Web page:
Ira­nian says he feels ‘more Chi­nese’

China Daily (Canada) - - EXPATS - By YAN DONGJIE

Pouya Amani said he does not know his com­pa­triot Arash Esti­laf, who has made a name for him­self on Chi­nese tele­vi­sion with his hu­mor. In fact, Amani, 18, is prob­a­bly even bet­ter known among Chi­nese TV au­di­ences as a re­sult of his ap­pear­ances on re­al­ity shows.

Some of his fans even call him “the na­tional lit­tle brother”, and his Twit­ter-like weibo ac­count has 370,000 fol­low­ers; Esti­laf’s has 70,000.

“It feels re­ally good that so many peo­ple in China call me brother, es­pe­cially given that I’m an only child,” said Amani, whose Chi­nese name is Puya.

Amani moved to China with his par­ents, both in­ter­na­tional trad­ing mer­chants, in 2009 af­ter he com­pleted high school in Iran. Af­ter ar­riv­ing, he en­rolled in Liaon­ing Nor­mal Univer­sity in Dalian, Liaon­ing prov­ince, to study Chi­nese, as did his par­ents, in their 40s.

“The hap­pi­est and most in­ter­est­ing thing is that my par­ents and I were in the same class,” Amani said. “It’s funny when you see three Ira­ni­ans, and from one fam­ily, too, seated at the front of a class­room, or to­gether in an end-of-se­mes­ter cer­e­mony.”

Amani said he ex­cels in oral Chi­nese, his mother is good at Chi­nese writ­ing and his father is the gram­mar­ian of the fam­ily.

In ad­di­tion to be­com­ing flu­ent in Chi­nese, Amani has mas­tered a cou­ple of Chi­nese tra­di­tional en­ter­tain­ment skills with which he has im­pressed au­di­ences: comic mono­logues, tongue twisters and a brand of hu­mor par­tic­u­lar to the city of Tian­jin.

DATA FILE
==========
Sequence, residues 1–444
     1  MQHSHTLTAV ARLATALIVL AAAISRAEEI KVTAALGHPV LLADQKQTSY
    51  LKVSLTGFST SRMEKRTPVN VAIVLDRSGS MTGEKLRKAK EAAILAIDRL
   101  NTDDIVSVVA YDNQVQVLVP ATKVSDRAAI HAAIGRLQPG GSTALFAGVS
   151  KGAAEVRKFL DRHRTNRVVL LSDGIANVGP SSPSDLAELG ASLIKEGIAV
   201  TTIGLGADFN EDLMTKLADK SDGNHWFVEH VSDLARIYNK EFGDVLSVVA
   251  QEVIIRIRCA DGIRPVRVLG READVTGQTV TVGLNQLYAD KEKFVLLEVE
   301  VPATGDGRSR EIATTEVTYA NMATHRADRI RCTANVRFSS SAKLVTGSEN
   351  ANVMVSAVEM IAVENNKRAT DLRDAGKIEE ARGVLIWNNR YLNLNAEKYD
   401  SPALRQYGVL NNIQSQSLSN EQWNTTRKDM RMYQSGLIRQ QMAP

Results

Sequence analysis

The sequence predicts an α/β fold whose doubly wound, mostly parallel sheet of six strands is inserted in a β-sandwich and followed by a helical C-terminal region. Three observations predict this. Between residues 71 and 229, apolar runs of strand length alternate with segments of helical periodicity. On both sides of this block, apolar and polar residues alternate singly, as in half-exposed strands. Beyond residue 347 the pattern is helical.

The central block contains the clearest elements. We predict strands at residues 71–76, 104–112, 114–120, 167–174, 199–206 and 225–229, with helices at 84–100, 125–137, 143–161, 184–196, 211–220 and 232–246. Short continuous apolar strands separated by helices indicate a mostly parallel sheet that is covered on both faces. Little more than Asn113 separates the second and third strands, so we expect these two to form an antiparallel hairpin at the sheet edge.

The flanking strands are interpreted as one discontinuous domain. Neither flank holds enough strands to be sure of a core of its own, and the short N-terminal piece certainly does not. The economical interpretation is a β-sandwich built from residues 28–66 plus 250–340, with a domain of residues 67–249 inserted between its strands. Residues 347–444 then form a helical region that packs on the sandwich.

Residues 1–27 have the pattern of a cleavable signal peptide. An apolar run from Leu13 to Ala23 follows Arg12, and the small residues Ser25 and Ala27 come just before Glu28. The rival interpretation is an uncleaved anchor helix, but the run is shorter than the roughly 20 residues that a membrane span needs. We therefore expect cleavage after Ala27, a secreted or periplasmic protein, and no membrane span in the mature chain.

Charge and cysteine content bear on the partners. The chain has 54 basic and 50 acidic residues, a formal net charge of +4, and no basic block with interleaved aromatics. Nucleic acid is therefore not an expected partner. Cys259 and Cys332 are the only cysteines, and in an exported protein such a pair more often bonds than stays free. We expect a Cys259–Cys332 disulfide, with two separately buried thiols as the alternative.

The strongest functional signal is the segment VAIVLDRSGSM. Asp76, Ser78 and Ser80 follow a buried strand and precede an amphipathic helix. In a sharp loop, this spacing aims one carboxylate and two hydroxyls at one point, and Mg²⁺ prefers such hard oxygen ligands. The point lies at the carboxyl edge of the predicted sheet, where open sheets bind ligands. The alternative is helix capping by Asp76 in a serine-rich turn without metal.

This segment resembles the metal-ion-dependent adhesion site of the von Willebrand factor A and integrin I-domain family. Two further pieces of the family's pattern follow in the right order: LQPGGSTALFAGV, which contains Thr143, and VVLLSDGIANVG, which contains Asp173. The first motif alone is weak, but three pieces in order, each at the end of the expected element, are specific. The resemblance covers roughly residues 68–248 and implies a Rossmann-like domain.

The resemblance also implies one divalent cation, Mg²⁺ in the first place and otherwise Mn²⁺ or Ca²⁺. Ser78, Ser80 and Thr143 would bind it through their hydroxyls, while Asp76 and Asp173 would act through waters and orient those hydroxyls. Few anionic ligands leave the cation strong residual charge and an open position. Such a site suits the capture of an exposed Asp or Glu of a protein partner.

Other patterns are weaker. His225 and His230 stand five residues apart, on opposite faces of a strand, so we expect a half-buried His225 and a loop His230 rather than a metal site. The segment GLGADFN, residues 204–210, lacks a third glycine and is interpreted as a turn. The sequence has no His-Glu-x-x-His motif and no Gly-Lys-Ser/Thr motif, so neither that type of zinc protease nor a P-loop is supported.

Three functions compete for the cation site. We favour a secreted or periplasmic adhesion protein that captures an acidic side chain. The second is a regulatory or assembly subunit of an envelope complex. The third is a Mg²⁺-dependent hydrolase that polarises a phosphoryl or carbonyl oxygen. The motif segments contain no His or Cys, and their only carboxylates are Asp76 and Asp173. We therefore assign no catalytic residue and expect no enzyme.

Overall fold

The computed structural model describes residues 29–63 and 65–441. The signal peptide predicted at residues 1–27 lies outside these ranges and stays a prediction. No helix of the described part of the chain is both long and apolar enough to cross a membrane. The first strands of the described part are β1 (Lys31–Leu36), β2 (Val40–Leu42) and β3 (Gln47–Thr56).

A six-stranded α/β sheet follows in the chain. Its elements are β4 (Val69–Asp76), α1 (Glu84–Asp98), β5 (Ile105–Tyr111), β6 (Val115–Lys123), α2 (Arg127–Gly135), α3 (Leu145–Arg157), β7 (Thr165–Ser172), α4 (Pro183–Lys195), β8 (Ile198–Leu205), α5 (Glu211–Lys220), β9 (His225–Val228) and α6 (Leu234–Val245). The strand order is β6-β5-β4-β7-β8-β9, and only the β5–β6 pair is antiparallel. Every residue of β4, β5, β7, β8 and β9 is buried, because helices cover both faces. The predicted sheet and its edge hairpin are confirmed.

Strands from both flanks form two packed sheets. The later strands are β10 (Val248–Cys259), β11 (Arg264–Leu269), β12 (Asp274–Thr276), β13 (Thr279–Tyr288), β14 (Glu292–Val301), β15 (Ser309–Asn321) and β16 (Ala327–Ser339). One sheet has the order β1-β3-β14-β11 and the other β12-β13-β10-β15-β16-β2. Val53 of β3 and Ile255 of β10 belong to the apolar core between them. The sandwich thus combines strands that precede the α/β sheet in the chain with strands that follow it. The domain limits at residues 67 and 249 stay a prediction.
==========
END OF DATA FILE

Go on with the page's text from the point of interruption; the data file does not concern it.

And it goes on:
More and more peo­ple in Iran have be­gun to learn Chi­nese, es­pe­cially over the past five years. The two coun­tries have so much in com­mon.”

Ira­nian TV host in China

He first came to wide pub­lic at­ten­tion in April 2015 when he be­came a host in A Bright World, a show on Jiangsu TV in which for­eign­ers talk in Chi­nese on var­i­ous sub­jects. He later ap­peared in sev­eral other TV shows, in­clud­ing Hello China on Guangzhou TV and Who’s Still Stand­ing? on Jiangsu TV.

In 2014 he took part in the Chi­nese Bridge lan­guage com­pe­ti­tion for for­eign stu­dents, in which he fin­ished fourth.

“I feel I’m more Chi­nese now, per­haps be­cause I’ve eaten so much Chi­nese food,” Amani said.

He hopes a Chi­nese me­dia or­ga­ni­za­tion will open a TV chan­nel in Iran one day so Ira­ni­ans can learn more about China, he said.

“More and more peo­ple in Iran have be­gun to learn Chi­nese, es­pe­cially over the past five years. The two coun­tries have so much in com­mon. We both like fam­ily get-to­geth­ers and events like Spring Fes­ti­val — and Te­heran has smog.”

PRO­VIDED TO CHINA DAILY

Ira­nian Pouya Amani fre­quently ap­pears on Chi­nese TV re­al­ity shows.

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